Through this survey, there is a glimpse of the KM treatments used for SC in PHCs, their effectiveness, and satisfaction with those treatments which was considered excellent. However, this survey has some limitations. Firstly, less than 30 KMDs in public health sector participated in this survey. Therefore, any results from this study may not be generalizable and there may be a possibility of statistical bias. Secondly, use of other KM treatments including herbal medicine was not common. We asked the respondents to write the name of decoction used for SC with a short-ended answer, but there were only 4 responses. Thirdly, there was discrepancy between the respondents’ actual treatment use and their thoughts. Due to the circumstances of the workplace, respondents may not have access to laser acupuncture or pharmacopuncture. So, even though these treatments are highly valued but not used, but the importance of these treatments was observed in the survey. This implies the need for further studies involving general KMDs in various clinical environments. Furthermore, the survey was limited to KMDs in public health sector and the results could be overestimated, resulting in recall bias. The opinions of SC participants regarding abstinence rate and satisfaction level also need to be considered. Based on this, more surveys and high-quality related research needs to be conducted.
This survey aimed to investigate the clinical practice and the perception of PHDKMs on KM treatments for SC. Although the study size was small, clinical effectiveness of KM, the satisfaction of SC participants, and the emphasis on KM treatment combined with other therapies was observed. Based on this study, further clinical research would be needed.
Supplementary material is available at doi:

Author Contributions

Conceptualization: WSS. Methodology: EJK. Formal investigation: JHM. Data analysis: GEP and JHM. Writing original draft: GEP. Writing - review and editing: WSS, EJK, BKS, and YHB.

Conflicts of Interest

The authors have no conflicts of interest to declare.



Ethical Statement

This study was approved by the institutional review board of Dongguk University Bundang Oriental Hospital in Republic of Korea (no.: DUBOH IRB 2022-0006).

Data are available in supplementary materials.
Table 1
The Characteristics of SC Participants
Question Factors N (%)
Main period* (y) Before elementary school 1
Elementary school student 1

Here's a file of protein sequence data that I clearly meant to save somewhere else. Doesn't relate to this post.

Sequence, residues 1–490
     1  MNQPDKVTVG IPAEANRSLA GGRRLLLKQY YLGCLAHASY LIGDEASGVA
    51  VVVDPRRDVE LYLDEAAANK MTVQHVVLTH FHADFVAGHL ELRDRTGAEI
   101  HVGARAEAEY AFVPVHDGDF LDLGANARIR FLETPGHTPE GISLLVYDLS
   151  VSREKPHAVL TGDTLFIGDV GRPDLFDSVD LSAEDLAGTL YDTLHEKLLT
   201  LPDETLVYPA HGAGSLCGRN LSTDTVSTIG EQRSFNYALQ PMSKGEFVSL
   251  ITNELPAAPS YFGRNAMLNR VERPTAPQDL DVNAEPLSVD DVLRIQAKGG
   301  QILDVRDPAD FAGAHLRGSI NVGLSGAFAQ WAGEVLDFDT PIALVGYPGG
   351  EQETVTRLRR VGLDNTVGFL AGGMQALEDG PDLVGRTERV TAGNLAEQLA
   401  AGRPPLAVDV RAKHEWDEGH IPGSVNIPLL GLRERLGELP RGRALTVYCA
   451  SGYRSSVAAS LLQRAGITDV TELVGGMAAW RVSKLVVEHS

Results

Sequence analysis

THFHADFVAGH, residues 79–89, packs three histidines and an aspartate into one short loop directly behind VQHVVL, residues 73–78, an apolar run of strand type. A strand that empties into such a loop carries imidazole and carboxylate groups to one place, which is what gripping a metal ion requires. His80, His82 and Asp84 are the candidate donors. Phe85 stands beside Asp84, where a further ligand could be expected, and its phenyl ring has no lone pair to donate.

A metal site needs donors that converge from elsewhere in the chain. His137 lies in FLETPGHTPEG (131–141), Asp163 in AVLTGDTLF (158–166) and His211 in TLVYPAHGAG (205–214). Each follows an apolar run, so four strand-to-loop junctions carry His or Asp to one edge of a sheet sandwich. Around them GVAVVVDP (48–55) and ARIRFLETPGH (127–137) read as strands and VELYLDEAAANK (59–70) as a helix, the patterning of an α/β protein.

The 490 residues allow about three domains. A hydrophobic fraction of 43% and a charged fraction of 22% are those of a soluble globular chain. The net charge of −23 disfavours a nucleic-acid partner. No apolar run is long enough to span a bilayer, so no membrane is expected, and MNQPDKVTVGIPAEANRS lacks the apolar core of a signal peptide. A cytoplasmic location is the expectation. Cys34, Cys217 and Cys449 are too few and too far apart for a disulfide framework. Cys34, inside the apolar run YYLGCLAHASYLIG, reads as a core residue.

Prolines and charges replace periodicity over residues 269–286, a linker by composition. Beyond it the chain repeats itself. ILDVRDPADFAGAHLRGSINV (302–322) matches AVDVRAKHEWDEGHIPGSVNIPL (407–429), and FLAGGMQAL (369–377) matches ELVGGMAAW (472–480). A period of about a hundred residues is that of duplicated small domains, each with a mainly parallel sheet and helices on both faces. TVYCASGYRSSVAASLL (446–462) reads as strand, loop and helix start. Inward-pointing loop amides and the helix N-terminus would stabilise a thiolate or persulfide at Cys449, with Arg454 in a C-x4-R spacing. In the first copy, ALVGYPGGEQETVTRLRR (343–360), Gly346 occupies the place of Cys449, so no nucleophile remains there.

Middle school student 2
High school student ≤ 20 4
21–30 10
31–40 13
41–50 18
51–60 15
61–70 8
71–80 2

Started smoking period* (y) Before elementary school 1
Elementary school student 1
Middle school student 7
High school student ≤ 20 22
21–30 22
31–40 9
41–50 2
51–60 1
61–70 1
71–80 1

Duration of smoking* ≤ 1 mo 1
1–6 mo 2
7–12 mo 6
1–5 y 11
6–10 y 15
11–20 y 16
> 21 y 16

Main form of smoking Regular cigarette 28 (100.0)
Electronic cigarette 13 (46.4)
High-end cigarette 0 (0.0)
Others 0 (0.0)

The number of attempts to stop smoking* None 6
1 × 10
2 × 17
3 × 17
4 × 11
5 × 5
> 6 × 5

* 1st, 2nd, & 3rd answer choice.

Multiple responses.

SC = smoking cessation.

Table 2
The Usage, Importance, and Convenience of KM Treatment for SC
KM treatment Usage Importance, N (%) Convenience, N (%)

N (%) Somewhat Important Very Somewhat Convenient Very
Auricular acupuncture 23 8 (28.6) 10 (35.7) 2 (7.1) 9 (32.1) 9 (32.1) 4 (14.3)

(82.1) Total 20 (71.4) Total 22 (78.6)

Acupuncture 17 8 (28.6) 8 (28.6) 1 (3.6) 10 (35.7) 4 (14.3) 1 (3.6)

(60.7) Total 17 (60.7) Total 15 (53.6)

Laser acupuncture 0 1 (3.6) 2 (7.1) 1 (3.6) 2 (7.1) 2 (7.1) 0 (0.0)

(0.0) Total 4 (14.3) Total 4 (14.3)

Thread embedding acupuncture 1 1 (3.6) 2 (7.1) 1 (3.6) 3 (10.7) 0 (0.0) 0 (0.0)

(3.6) Total 4 (14.3) Total 3 (10.7)

Pharmacopuncture 0 2 (7.1) 3 (10.7) 1 (3.6) 3 (10.7) 2 (7.1) 0 (0.0)

(0.0) Total 6 (21.4) Total 5 (17.9)

Moxibustion 5 3 (10.7) 3 (10.7) 2 (7.1) 2 (07.1) 0 (0.0) 1 (3.6)

(17.9) Total 8 (28.6) Total 3 (10.7)

Chuna 0 2 (7.1) 2 (7.1) 1 (3.6) 1 (03.6) 0 (0.0) 0 (0.0)

(0.0) Total 5 (17.9) Total 1 (03.6)

Herbal medicine 8 5 (17.9) 8 (28.6) 5 (17.9) 6 (21.4) 4 (14.3) 2 (7.1)

(28.6) Total 18 (64.3) Total 12 (42.9)

Education 11 4 (14.3) 9 (32.1) 12 (42.9) 6 (21.4) 7 (25.0) 4 (14.3)

(39.3) Total 25 (89.3) Total 17 (60.7)

Others 0 N/A N/A

(0.0) N/A N/A

KM = Korean medicine; SC = smoking cessation.

Table 3
The Perception of KM Treatment on SC
Factor The degree of perception, N (%)

Yes It really is
Korean medicine treatment alone is enough for achieving smoking cessation 8 (28.6) 3 (10.7)
11 (39.3)

Korean medicine treatment can control withdrawal symptoms 11 (39.3) 11 (39.3)
22 (78.6)

Korean medicine treatment is better than other smoking cessation therapies 8 (28.6) 4 (14.3)
12 (42.9)

Korean medicine treatment can be used with other smoking cessation therapies 22 (78.6) 4 (14.3)
26 (92.9)

KM = Korean medicine; SC = smoking cessation.

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        A Survey of the Clinical Practice of Korean Medicine for Smoking Cessation in Public Health Centers: A Web-Based Survey of Public Health Doctors of Korean Medicine